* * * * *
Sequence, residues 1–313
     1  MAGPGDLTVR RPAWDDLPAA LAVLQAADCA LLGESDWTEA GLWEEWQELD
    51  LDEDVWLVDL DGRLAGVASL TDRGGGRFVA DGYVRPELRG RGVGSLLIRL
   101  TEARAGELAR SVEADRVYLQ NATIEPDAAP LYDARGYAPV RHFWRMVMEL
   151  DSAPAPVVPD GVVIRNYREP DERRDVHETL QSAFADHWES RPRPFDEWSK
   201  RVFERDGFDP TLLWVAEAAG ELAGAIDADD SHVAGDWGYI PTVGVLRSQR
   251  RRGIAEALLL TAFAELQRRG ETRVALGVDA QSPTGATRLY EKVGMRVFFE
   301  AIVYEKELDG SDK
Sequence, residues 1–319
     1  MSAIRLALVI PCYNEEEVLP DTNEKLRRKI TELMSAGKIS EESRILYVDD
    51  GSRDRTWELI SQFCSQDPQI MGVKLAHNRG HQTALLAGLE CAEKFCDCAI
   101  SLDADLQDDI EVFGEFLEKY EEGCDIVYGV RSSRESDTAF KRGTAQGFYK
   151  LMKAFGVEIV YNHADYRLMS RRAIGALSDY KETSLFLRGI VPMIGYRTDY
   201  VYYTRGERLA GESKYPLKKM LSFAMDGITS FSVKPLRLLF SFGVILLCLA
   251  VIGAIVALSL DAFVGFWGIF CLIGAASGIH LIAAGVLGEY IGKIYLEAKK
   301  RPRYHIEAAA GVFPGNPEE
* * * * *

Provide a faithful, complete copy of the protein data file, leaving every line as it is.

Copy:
Sequence, residues 1–313
     1  MAGPGDLTVR RPAWDDLPAA LAVLQAADCA LLGESDWTEA GLWEEWQELD
    51  LDEDVWLVDL DGRLAGVASL TDRGGGRFVA DGYVRPELRG RGVGSLLIRL
   101  TEARAGELAR SVEADRVYLQ NATIEPDAAP LYDARGYAPV RHFWRMVMEL
   151  DSAPAPVVPD GVVIRNYREP DERRDVHETL QSAFADHWES RPRPFDEWSK
   201  RVFERDGFDP TLLWVAEAAG ELAGAIDADD SHVAGDWGYI PTVGVLRSQR
   251  RRGIAEALLL TAFAELQRRG ETRVALGVDA QSPTGATRLY EKVGMRVFFE
   301  AIVYEKELDG SDK
Sequence, residues 1–319
     1  MSAIRLALVI PCYNEEEVLP DTNEKLRRKI TELMSAGKIS EESRILYVDD
    51  GSRDRTWELI SQFCSQDPQI MGVKLAHNRG HQTALLAGLE CAEKFCDCAI
   101  SLDADLQDDI EVFGEFLEKY EEGCDIVYGV RSSRESDTAF KRGTAQGFYK
   151  LMKAFGVEIV YNHADYRLMS RRAIGALSDY KETSLFLRGI VPMIGYRTDY
   201  VYYTRGERLA GESKYPLKKM LSFAMDGITS FSVKPLRLLF SFGVILLCLA
   251  VIGAIVALSL DAFVGFWGIF CLIGAASGIH LIAAGVLGEY IGKIYLEAKK
   301  RPRYHIEAAA GVFPGNPEE